About

Meredith Dault is a graduate student at Queen’s University in Kingston, Ontario, Canada. She is writing this blog as part of my thesis research.

If you’re looking for a bit more background, check out an earlier posting – it should help fill in some of the gaps.

The best way to reach Meredith is by email:

mdault [at ] meredithdault.com

You can also follow her on Twitter  (where she only writes about pubic hair related stuff) — she’s @thelasttriangle

Join her on Facebook at The Last Triangle: Sex, Money and the Politics of Pubic Hair

For more about Meredith, please visit www.meredithdault.com

 

 

  • Karla

    Interesting blog, great topic. I’m looking forward to reading more of your posts…found your blog through the article that was published on Huffington Post.

  • Joshua

    Great blog. In addition to the very valid points you have listed on this website I can think of three other reasons to avoid body hair removal (and arbitrary beauty standards in general) off the top of my head.

    One reason is that throughout the course of our lives it is a monumental waste of time. I don’t know how much time the average women spends shaving, applying makeup, painting their fake nails, etc, but with life being all too short as it is, can’t we find something more meaningful to do with our time?

    Second, it is a waste of limited resources that could be put to better use, or just simply left unused. How many oil spills, mined out mountains, and deforested rain-forests are acceptable to trade for social conformity? Because, unlike we are taught to believe, our decisions – purchasing and otherwise – have ramifications larger than ourselves.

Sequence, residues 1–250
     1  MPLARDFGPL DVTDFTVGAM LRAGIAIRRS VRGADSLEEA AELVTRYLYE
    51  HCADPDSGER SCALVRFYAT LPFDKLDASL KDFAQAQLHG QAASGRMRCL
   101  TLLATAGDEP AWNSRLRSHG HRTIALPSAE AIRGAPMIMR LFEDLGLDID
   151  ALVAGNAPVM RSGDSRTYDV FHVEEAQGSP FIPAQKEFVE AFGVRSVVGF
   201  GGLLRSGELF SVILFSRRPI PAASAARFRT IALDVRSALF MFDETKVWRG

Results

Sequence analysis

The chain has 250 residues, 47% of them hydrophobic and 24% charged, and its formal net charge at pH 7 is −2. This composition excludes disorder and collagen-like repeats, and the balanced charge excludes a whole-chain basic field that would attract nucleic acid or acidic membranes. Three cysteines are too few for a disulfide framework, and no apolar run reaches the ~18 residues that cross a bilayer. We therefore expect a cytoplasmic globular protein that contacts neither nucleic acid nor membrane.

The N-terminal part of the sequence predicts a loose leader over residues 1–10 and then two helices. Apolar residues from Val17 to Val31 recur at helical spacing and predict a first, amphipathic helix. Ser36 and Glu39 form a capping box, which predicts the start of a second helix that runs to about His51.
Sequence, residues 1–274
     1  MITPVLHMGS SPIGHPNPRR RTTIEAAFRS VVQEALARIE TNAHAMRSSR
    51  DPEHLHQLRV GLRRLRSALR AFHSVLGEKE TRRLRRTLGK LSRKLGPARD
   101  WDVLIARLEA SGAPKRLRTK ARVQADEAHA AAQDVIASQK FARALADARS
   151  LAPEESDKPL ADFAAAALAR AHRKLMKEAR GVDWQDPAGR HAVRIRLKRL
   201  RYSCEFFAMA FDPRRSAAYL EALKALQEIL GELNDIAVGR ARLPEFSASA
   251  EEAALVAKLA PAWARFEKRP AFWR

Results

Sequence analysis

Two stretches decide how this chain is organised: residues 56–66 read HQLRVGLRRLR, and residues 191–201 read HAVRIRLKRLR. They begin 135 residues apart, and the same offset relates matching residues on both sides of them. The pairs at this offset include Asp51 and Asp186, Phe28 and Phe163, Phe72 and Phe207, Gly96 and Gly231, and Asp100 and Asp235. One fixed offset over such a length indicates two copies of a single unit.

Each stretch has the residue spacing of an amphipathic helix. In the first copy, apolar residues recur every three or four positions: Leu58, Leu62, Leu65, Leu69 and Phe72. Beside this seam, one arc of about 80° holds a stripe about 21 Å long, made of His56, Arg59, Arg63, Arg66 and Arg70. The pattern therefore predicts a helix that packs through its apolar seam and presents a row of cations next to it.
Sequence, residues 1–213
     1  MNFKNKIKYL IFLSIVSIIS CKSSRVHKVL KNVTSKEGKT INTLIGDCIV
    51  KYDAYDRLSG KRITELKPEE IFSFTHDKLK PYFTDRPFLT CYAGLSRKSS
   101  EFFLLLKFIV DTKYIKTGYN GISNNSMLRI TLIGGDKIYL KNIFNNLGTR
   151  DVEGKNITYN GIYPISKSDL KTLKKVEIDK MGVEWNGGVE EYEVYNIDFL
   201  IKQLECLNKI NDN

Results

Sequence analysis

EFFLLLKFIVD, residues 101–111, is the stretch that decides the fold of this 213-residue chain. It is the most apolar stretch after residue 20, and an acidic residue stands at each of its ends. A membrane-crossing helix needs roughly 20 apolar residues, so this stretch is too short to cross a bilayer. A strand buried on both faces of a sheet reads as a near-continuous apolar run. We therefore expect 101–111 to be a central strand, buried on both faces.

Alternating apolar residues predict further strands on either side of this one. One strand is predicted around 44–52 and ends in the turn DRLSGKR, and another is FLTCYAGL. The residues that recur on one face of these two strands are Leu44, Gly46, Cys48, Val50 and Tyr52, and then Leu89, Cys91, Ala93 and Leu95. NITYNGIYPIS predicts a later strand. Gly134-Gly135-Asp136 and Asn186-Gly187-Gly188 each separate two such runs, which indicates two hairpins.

Third, to me it seems silly, and arrogant, to assume that we can artificially improve upon the desirability of bodies that have been molded for reproduction by eons of evolution. Or, for the religious, can we improve upon the body that God designed and gave to us (Gillette can one up God!)? It is amazing that the human species did not die out entirely prior to high heels, Versace handbags, and hairless vulvas.

  • Rob

    Wow a blog about pubic hair, you really can find anything on the internet!

    For the record, I like your blog.

    To me, women are removing one of the features that make them unique when they remove their pubic hair. Your bush gives your cooch an identity all it’s own. Why would a woman want to look like a manakin with no defining charateristics?

    What a pity for those men who are anti-pubes, they will never appreciate the thrill of seeing a new lover’s pubes for the first.

    For whatever the reasons, shaving has become mainstream, but all is not lost. Recently a couple of my female friends who were regular shavers til lately, decided that work, and kids, and life in general wasn’t leaving them the time to constantly shave. I hope that many more women will think for themselves, and decide that they have better things to do with their time.

  • http://www.radicalroles.blogspot.com/ Chy

    I just “stumbled” onto your blog and I’m loving it! I thought that you might be interested in my thoughts on body hair and why I’ve made some simple but powerful choices in not removing hair.
    http://radicalroles.blogspot.com/2011/08/why-i-dont-shave-my-legs.html

    • http://www.meredithdault.com Meredith Dault

      Chy- thanks for the link to your fabulous blog! What you are doing takes an incredible amount of courage, and I’m so impressed (I look forward to reading more!). Glad you like what I’m writing, too…

  • http://www.wix.com/maggie_laidlaw/mfl maggie laidlaw

    Just found your blog… and I’m enthralled. I’m currently considering ‘doing’ my honours dissertation on the rise in labiaplasty and the media’s role in this… (if there is one). Im very interested in the representation of women in the media…esp concerning the raunch culture.